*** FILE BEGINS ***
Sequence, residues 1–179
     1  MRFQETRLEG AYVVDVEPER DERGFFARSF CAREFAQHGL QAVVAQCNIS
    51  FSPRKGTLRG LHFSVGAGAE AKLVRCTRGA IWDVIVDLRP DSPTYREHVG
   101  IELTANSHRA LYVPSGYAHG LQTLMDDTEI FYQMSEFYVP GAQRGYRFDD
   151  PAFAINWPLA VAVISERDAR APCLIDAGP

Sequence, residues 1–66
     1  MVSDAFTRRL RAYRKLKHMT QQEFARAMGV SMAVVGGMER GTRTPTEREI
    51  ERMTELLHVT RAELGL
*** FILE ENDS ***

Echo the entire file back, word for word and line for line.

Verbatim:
Sequence, residues 1–179
     1  MRFQETRLEG AYVVDVEPER DERGFFARSF CAREFAQHGL QAVVAQCNIS
    51  FSPRKGTLRG LHFSVGAGAE AKLVRCTRGA IWDVIVDLRP DSPTYREHVG
   101  IELTANSHRA LYVPSGYAHG LQTLMDDTEI FYQMSEFYVP GAQRGYRFDD
   151  PAFAINWPLA VAVISERDAR APCLIDAGP

Sequence, residues 1–66
     1  MVSDAFTRRL RAYRKLKHMT QQEFARAMGV SMAVVGGMER GTRTPTEREI
    51  ERMTELLHVT RAELGL